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The Basics!

Q: What the heck is a four-track, anyway?

A: A four-track, or (more properly, since some have more than 4) multitrack recorder is an audio tape recorder with the capability of recording each track separately (at the same or different times) and playing them back together, so that complex audio productions can be made.

For instance, let's say you're a lone musician in Rescue, California and work crazy hours so that nobody is around when you want to make music. You start tapping out a beat and record it on track 1. Then you rewind it, and (while listening to track 1 on headphones) record a bass track on track 2. Rewind again, and this time lay down your guitar part on track 3 while listening to the rhythm section play back on tracks 1 and 2. Finally, destroy Western civilization as we know it by attempting to record a vocal on track 4 while listening to everything else.

But now you have 4 tracks, and everyone else listens in stereo. No problem. While playing back the four tracks, you connect the two output jacks of your 4-track to the corresponding input jacks of an ordinary stereo cassette recorder. While listening to the sound going out to the cassette, you adjust the levels of each of the 4 tracks you recorded, as well as the equalization (how much bass or treble is boosted or cut, and at what frequencies) and panning (controlling where each track "sounds like" it is in the stereo soundfield). This is called "mixing down" to two tracks. You record the final result on the cassette, duplicate it, and give copies to your friends, who pretend that it sounds just as good as anything George Martin ever came up with.

The above is essentially what's done for every song, whether you're doing it at home or Eric Clapton is doing it in a fancy huge studio. There are more tracks to be added, and more expensive equipment, and we haven't even talked about effects yet, but basically, that's all there is to it.

Q: OK, what equipment will I need to do all this?

A: You can get started for less than $300 new, and the sky's the limit.

Q: Are the four tracks on the cassette-type recorders each a stereo track or do they each represent a left/right channel? i.e. Is a four-track essentially just a two-track in stereo? Whatever the answer, is it universal throughout all makes and models? And do most four-tracks allow you to apply the sliders to the signal on the way out i.e. will the sliders control the level of the pre-recorded material on playback?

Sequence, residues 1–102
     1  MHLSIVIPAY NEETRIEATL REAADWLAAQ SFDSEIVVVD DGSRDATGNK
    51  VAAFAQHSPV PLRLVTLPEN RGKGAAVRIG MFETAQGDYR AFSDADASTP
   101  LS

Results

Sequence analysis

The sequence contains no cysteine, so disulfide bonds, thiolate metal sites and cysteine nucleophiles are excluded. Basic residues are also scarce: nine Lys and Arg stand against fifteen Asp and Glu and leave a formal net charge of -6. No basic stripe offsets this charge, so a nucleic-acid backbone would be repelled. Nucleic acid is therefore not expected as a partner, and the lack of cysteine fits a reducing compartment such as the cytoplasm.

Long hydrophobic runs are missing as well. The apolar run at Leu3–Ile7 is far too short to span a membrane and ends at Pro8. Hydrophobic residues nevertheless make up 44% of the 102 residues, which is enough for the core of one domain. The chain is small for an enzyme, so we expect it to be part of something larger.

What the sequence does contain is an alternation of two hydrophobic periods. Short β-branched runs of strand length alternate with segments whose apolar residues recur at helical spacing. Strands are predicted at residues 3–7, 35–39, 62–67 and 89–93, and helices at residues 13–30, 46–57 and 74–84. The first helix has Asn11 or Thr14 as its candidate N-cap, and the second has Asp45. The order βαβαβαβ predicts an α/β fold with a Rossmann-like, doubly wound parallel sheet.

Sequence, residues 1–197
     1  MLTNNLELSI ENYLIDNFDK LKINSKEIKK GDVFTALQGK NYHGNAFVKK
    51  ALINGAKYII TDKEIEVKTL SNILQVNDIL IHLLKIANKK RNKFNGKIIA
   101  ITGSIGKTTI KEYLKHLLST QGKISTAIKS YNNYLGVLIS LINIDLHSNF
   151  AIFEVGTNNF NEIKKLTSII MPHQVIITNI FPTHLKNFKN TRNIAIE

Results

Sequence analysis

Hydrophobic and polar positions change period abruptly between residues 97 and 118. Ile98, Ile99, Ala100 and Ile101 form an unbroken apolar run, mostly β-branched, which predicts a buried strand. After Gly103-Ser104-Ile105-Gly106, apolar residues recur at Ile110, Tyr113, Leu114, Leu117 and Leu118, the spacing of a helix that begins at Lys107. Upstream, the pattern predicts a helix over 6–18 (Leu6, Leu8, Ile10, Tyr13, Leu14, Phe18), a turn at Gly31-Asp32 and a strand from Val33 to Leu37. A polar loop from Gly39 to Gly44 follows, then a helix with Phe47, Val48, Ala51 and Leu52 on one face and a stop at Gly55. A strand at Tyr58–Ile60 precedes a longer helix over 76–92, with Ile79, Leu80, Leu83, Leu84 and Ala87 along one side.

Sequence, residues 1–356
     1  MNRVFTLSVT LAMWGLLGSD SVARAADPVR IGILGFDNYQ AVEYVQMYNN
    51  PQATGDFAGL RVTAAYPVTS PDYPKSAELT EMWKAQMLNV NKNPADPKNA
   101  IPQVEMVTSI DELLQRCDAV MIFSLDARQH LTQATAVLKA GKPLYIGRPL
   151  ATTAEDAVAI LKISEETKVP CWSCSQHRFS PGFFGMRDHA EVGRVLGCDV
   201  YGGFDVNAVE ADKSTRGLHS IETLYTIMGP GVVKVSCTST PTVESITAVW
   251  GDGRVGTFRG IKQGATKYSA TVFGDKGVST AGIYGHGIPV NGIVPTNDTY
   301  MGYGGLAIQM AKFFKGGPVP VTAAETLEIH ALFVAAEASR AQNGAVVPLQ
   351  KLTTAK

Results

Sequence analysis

A: First, a four-track cassette multitrack is special because a regular stereo cassette recorder also has four tracks: left and right in each direction. The 4-track cassette simply takes advantage of this by going only in one direction and letting you record on all four tracks individually (or, usually, all at once).

This is universal, although different models may use different speeds and have different track sizes or layouts, so you're not always guaranteed to be able to take a 4-track master from one machine and use it on another. And that doesn't even allow for head alignment differences.

If you use any number of tracks other than four on a cassette, you're using smaller amounts of tape than the format was originally designed for (although the original design was for two tracks; mono in each direction).

All tracks on a multitrack (whether you have 4 or 64 of them) are mono by themselves. When you mix down to stereo (what you call "on the way out"), you have to do the following for each track:

  • select where in the stereo field you want to hear it (the pan control)
  • select how loud you want to hear it (the volume sliders)
  • select what effects and EQ you want it to have (the effects send level control and EQ settings).

Master the three above simple steps and you, too, can see your name on top albums! :-)
-- Dragon

A few more good pages to read
(originally from Shawn Maschino's Home Recording Website)

  • 4-Track Basics - Luke L - This was taken from a posting to the mixmasters mailing list. Shawn Maschino e-mailed Luke about putting this here, but had no response, but if you were on the list you could see it anyway so here it is.
  • Setting Up A Small Studio - Shawn Maschino wrote this up quite some time ago, and it is a little outdated, but still worth reading for newbies.
  • Planning Your Recording Session - Ron London - how to prepare for recording in the studio.

Also, check out the Official Home Recording FAQ page.

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